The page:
The Alaska Senate passed Senate Bill 1, the “Take it Outside Act,” sponsored by Sen. Peter Micciche, R-Soldotna, the bill that would restrict smoking and the use of e-cigarettes in the workplace statewide, and is now making its way through the House of Representatives.
The bill’s advocates are taking the passage as a good sign. Others see it as a potential risk to their businesses.
“The strong show of support for the bill in the Senate lets the House know that it is a priority for this session,” said Emily Nenon, Alaska government relations director for the American Cancer Society Cancer Action Network, one of a handful of organizations, including the Alaska’s chapter of the American Lung Association, the American Heart Association, the Alaska Native Health Board, pushing to move the legislation forward.
In a Cancer Action Network survey conducted with 800 registered votes between Dec. 30, 2015, and Jan. 7, 2016, 69 percent of those surveyed would strongly or somewhat favor a comprehensive statewide smoking law. Of those surveyed, 72 percent would strongly or somewhat favor that law to include the use of e-cigarettes. All responses in favor of implementing more restrictive tobacco-related laws have grown since the 2012 survey.
Steven Mapes, owner of Mapes Vapes in Soldotna, said the bill, which includes e-cigarette use in its definition of smoking, would likely put him out of business, and reduce the options for those looking to quit smoking.
“It’s like saying gasoline and water are both liquids so don’t drink the water because it is liquid like gasoline,” Mapes said.
Mapes said that the product he sells helped him kick what most people who vape believe is a bad and dangerous habit. He said he tallies every customer who comes in to his shop for a starter kit to help them quit smoking.
“I have got 89 scars chopped in the counter top of my display case,” Mapes said. “That’s 89 people that I have helped get off of tobacco or that this store has helped people get off of tobacco.”
For Mapes, the vapes provide a way to get the fix that he wanted, which is the “ritual taking something out of my pocket and putting it up my mouth and taking a puff.”
Mapes pointed to the 2015 Public Health England-commissioned study, “E-cigarettes: an evidence update,” which found some effectiveness in adults using vapes to quit smoking, and that the product may not be as harmful as made out in other studies.
According to the study, “While vaping may not be 100 percent safe, most of the chemicals causing smoking-related disease are absent and the chemicals which are present pose limited danger. It has been previously estimated that EC (e-cigarettes) are around 95 percent safer than smoking. This appears to remain a reasonable estimate.”
Mapes said the risk to his business is that customers will no longer be able to come in and try out his products, and will likely move to online purchases, which will cost half as much if SB 133, or its House companion legislation also passes this session. Under SB 1, smoking, including e-cigarette use, would be allowed only in freestanding tobacco or e-cigarette shops, but prohibited in tobacco or e-cigarette businesses attached to another building or residence. SB 133 increases the tax on tobacco products to 100 percent of the wholesale cost, and includes electronic smoking devices.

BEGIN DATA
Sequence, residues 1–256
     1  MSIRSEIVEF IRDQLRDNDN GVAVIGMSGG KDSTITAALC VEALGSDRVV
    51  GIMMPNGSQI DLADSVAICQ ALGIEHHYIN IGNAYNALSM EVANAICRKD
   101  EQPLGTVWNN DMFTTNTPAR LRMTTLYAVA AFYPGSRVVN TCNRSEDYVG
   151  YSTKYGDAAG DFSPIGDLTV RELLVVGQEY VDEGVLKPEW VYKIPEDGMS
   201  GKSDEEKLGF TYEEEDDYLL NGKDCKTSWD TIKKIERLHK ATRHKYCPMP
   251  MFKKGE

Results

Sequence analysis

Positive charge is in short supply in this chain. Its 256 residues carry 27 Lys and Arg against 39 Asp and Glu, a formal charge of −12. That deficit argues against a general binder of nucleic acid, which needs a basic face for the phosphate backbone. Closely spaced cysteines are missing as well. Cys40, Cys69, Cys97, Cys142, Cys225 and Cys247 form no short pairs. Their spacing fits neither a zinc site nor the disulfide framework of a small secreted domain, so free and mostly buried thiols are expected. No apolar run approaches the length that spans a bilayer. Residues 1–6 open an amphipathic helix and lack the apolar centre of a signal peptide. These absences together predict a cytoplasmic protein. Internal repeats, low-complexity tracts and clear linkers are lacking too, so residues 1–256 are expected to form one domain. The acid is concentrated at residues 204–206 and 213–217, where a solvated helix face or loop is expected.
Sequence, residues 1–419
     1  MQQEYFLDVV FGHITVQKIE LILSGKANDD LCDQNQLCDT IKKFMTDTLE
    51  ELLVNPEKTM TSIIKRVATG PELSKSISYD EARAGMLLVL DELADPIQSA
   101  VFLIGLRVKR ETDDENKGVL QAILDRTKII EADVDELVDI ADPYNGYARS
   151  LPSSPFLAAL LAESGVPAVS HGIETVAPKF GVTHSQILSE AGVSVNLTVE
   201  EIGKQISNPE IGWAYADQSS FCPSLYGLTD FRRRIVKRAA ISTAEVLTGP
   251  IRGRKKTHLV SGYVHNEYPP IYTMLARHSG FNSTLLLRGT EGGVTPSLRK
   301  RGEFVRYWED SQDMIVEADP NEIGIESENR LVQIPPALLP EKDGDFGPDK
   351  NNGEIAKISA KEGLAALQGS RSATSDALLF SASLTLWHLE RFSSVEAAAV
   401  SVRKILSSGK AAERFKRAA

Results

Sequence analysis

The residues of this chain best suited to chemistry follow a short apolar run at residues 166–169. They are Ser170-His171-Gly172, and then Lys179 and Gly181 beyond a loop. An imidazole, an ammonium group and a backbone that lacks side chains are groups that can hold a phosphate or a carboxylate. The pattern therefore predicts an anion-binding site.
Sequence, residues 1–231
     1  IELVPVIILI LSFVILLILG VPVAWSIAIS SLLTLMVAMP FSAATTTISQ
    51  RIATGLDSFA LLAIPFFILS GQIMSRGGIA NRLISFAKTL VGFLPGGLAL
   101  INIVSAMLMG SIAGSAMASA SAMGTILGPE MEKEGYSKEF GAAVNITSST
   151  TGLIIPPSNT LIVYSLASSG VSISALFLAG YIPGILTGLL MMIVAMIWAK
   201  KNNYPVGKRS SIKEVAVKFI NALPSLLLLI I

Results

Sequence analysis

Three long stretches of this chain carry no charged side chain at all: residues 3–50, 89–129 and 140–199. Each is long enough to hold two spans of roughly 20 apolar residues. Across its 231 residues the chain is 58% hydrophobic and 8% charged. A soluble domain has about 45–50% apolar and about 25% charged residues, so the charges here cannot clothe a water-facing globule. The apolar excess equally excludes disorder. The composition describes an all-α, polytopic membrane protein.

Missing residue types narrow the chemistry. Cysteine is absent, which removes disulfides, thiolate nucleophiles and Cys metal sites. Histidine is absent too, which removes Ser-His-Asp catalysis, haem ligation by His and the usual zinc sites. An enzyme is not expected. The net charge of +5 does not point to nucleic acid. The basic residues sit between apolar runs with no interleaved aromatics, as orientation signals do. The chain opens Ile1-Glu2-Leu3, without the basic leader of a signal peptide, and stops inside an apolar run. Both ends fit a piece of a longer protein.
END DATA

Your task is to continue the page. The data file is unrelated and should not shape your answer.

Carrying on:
The “Take it Outside Act” was first introduced in 2014 and re-introduced last year, during the current two-year legislative session, Nenon said. It passed the Senate on March 30, with a 15-5 vote, she said.
It would ban the use of tobacco products in all enclosed spaces including on marine vessels operating as a shore-based fisheries business, entertainment venues, residences used for paid child care, retail businesses, airports, bus shelters, and educational facilities among many others, according to the bill. It also places restrictions on zones surrounding workspaces.
Smoking would be prohibited at public or private areas outdoors that are primarily designated for children to play, outdoor arenas, within 10 feet of a bar or restaurant that serves alcoholic beverages, among others, according to the bill. It will require business owners to adopt appropriate signage, remove all ashtrays, and that all members of the public have continued access to related education materials.
Its companion legislation, House Bill 328, sponsored by Rep. David Talerico, R-Healy, passed its first House committee, the Health and Social Services Committee, on March 31, Nenon said.
“The House and Senate bills will likely meet up in committee as soon as the Senate bill is assigned to House committees,” Nenon said. “From that point, it is likely that Senate bill will be amended to match the current House version, and then it will be the Senate bill that continues through the House process.”
The next committee hearing is scheduled for the week of April 10, Nenon said. After the bill passes the House, it will be sent back to the Senate for approval of any revisions, she said.
Reach Kelly Sullivan email@example.com.